BoldRoy, zez eye, wazen devorse. Hyym on two binds knotuu give datbelyow enkarge for cubducking deforodare with gis plooms and ladders.
We know that Logo is similar to Logos, Greek for “Word.” This is an obvious reference to the first verse of the Gospel of John: “In the beginning was the Word, and the Word was with God, and the Word is God.”
But the novel does not start with the word, rather it starts with Usher smedging a kizmar. Here is the brilliance of Joyce. He places the act of smedging in a holy context. He is saying that smedging should not be for kizmars alone, but also for all men and women and lampposts. This theme is carried through to the end. In the meanwhile, we are treated the various misadventures of the forty-seven characters. We see the final fate of Leopold Bloom: killed by a copy of The Complete Swift fell off a bookshelf and onto his head. This, of course, is symbolic of the writer’s struggle with defining himself by attempting to build upon the literature of the past. It is not, as some have claimed, meant to be humorous. Molly Bloom dies in the same way only with a copy of The Vicar of Wakefield, instead of Swift’s tome. Stephen Dedalus gets drunk and kills himself taking a dive off the Martello Tower in an attempt to fly. The lamppost dies, in a heart-wrenching scene, when a pair of workers for the city removes him. At the end, only Usher O’Pegg survives. He returns to his home and climbs into bed. The novel ends with it’s final, haunting line:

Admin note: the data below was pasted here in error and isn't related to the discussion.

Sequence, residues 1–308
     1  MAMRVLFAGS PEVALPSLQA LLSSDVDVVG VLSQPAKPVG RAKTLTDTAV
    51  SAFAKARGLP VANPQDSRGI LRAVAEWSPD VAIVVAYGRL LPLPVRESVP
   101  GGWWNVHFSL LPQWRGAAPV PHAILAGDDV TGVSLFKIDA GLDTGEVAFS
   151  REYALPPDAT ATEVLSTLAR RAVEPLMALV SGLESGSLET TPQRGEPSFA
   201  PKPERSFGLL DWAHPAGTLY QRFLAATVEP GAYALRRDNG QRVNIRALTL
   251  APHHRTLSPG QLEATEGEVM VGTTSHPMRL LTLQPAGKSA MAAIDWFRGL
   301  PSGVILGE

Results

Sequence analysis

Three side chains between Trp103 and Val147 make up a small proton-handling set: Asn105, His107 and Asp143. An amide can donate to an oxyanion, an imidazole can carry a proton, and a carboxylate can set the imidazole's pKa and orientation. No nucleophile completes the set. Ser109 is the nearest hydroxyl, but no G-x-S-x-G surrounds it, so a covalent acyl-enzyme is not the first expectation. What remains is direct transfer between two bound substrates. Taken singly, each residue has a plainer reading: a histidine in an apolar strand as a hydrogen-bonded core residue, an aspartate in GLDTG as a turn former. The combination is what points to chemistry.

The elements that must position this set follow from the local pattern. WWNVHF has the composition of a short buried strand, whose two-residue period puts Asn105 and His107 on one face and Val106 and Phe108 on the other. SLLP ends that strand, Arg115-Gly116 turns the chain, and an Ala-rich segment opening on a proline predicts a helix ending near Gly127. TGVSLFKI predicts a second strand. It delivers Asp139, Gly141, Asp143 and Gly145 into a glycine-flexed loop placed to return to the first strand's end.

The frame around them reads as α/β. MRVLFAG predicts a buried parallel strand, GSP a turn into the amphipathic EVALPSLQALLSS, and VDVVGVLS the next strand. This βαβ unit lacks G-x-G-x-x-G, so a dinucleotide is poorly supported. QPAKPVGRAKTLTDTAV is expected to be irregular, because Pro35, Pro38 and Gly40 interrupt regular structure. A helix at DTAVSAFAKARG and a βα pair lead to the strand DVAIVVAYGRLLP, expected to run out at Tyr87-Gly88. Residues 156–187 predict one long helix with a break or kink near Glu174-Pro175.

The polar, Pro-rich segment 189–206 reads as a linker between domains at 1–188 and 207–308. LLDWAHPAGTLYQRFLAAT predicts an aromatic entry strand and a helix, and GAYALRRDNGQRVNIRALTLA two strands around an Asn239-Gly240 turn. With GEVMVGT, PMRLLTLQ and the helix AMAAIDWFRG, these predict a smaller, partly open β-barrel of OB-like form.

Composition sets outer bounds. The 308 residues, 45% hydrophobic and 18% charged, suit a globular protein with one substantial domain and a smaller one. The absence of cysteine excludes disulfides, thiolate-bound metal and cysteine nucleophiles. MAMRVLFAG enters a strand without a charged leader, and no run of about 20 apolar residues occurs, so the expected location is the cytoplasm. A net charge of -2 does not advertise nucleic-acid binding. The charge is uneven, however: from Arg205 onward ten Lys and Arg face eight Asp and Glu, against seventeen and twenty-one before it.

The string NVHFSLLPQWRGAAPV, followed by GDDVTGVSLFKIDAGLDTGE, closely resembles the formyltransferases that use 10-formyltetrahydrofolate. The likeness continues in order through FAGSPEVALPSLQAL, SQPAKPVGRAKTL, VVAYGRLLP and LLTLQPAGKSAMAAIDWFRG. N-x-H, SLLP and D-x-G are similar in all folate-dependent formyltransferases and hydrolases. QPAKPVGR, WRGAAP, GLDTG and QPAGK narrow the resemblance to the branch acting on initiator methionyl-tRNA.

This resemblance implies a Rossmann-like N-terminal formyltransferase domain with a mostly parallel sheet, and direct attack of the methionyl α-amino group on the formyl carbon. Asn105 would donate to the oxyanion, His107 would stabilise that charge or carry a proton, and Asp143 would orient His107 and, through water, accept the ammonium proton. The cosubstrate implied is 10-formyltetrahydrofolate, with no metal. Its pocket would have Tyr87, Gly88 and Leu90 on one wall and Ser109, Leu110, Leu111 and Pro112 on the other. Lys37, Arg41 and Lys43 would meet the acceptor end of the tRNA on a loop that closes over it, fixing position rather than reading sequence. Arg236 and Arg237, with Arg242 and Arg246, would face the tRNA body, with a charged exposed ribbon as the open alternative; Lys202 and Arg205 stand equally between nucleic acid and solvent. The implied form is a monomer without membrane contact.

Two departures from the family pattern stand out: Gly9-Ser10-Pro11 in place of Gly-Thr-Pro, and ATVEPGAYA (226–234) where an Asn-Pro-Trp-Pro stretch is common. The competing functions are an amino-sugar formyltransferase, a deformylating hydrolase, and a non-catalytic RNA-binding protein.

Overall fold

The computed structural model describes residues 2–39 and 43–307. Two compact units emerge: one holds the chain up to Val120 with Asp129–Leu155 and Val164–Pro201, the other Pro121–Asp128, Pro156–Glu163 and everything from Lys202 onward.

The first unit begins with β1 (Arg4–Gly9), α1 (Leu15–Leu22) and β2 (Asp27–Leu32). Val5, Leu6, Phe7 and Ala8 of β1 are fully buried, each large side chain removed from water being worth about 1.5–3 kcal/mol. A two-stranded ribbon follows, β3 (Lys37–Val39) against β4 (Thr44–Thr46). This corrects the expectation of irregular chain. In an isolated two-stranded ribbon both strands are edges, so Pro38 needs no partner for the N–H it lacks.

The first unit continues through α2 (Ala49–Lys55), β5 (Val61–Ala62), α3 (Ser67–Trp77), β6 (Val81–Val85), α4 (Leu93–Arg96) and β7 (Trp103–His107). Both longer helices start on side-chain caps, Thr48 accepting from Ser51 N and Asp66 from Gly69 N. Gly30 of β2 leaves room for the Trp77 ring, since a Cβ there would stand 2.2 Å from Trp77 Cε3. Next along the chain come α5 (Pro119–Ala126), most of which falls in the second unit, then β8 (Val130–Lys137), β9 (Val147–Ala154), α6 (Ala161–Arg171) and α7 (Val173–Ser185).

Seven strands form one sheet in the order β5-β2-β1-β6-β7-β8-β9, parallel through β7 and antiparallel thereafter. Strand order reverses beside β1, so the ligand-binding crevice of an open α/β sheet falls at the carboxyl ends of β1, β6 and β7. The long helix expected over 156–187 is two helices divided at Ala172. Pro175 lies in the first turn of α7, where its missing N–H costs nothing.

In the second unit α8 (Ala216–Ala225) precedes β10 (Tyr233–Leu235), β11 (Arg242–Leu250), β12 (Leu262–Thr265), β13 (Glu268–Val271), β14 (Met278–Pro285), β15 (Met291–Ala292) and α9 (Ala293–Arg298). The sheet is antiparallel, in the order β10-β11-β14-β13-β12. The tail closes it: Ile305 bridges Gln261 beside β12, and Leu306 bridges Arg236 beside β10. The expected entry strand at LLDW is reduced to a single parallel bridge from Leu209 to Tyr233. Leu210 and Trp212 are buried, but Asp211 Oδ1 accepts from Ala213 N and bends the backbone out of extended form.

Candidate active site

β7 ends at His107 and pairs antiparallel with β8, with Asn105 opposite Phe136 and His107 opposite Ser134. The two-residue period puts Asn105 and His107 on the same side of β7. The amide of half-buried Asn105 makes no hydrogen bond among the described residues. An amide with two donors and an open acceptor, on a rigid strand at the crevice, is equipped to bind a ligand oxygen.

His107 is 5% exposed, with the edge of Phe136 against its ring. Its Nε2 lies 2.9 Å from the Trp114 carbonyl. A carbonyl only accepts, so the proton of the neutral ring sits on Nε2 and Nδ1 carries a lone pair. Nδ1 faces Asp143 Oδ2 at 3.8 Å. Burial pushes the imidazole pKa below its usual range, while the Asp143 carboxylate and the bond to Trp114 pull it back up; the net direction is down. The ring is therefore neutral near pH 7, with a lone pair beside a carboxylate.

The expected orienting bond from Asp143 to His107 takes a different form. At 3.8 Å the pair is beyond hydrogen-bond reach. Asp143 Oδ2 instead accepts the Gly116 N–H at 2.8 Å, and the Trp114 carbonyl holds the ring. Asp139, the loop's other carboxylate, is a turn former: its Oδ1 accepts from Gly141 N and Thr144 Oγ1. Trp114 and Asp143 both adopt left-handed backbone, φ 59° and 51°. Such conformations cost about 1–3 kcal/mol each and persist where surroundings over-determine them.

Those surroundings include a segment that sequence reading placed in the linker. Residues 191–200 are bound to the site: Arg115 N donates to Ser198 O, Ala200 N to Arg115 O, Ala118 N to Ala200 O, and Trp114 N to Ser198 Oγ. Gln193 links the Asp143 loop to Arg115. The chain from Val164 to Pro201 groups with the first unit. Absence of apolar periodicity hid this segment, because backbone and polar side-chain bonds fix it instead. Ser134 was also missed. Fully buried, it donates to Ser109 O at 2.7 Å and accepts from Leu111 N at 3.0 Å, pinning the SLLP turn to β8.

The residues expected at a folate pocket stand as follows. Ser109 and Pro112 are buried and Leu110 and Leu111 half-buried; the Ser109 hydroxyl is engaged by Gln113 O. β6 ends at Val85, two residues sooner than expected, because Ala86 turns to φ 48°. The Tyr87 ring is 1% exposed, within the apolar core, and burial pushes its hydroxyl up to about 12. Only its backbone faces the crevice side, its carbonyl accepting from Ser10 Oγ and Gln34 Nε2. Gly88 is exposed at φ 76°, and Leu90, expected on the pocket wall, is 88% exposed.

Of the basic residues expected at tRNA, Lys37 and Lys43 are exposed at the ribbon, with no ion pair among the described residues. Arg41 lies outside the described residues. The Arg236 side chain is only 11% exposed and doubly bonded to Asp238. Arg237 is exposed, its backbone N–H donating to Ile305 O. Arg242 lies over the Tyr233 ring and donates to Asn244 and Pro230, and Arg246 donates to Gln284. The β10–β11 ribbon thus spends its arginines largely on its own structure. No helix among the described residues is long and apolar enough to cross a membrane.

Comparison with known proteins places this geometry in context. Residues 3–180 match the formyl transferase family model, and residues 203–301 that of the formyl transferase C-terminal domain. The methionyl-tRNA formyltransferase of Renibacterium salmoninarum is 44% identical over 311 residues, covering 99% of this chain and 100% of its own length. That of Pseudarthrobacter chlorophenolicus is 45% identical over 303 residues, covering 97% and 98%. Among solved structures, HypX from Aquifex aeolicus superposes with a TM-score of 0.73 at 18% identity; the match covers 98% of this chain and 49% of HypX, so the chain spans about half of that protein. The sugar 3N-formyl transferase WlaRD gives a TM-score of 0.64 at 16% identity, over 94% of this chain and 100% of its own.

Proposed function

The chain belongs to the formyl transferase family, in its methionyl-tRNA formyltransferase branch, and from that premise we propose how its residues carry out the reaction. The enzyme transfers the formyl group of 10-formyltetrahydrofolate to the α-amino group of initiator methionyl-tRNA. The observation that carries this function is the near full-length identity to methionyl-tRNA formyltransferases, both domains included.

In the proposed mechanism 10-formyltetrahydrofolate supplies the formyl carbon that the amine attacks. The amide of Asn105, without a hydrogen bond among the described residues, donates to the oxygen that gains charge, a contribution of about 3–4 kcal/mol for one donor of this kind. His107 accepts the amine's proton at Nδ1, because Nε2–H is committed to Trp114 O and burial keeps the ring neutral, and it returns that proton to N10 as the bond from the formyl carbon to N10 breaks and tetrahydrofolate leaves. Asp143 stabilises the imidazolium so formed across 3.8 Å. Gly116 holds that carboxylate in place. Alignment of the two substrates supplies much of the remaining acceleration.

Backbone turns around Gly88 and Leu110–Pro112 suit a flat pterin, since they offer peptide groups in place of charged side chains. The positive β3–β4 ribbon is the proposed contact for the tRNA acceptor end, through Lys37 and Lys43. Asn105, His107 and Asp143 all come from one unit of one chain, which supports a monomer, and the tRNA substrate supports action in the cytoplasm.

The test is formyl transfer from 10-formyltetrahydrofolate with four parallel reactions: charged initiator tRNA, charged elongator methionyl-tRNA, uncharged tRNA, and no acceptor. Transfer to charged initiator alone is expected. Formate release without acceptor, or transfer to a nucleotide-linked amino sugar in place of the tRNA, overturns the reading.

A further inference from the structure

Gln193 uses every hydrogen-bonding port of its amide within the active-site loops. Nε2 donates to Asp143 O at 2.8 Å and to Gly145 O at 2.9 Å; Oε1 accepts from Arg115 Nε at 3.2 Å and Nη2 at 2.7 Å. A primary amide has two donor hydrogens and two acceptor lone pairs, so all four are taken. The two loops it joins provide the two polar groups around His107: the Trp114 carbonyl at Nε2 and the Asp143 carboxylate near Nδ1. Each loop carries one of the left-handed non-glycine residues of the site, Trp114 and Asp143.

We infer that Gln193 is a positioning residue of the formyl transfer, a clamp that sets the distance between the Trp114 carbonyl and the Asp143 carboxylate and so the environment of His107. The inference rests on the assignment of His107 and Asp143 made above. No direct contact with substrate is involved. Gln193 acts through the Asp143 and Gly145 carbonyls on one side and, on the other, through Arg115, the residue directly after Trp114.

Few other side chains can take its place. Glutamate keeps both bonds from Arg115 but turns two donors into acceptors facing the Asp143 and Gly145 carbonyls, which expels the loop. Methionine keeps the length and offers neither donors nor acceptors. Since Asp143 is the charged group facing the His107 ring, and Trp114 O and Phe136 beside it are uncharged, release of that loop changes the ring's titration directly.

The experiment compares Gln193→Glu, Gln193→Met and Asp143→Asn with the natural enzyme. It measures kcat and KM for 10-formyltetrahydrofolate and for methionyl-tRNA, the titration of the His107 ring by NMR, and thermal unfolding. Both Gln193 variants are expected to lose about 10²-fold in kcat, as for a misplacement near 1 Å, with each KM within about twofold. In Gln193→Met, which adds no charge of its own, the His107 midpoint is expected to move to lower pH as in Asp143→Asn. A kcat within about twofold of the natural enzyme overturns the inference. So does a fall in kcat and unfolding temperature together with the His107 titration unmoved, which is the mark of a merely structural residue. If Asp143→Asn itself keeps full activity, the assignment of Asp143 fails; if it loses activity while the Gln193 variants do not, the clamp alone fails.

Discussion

“The kizmar was too tired to smedge anymore.”
(Entry by Matthew A. Ilseman)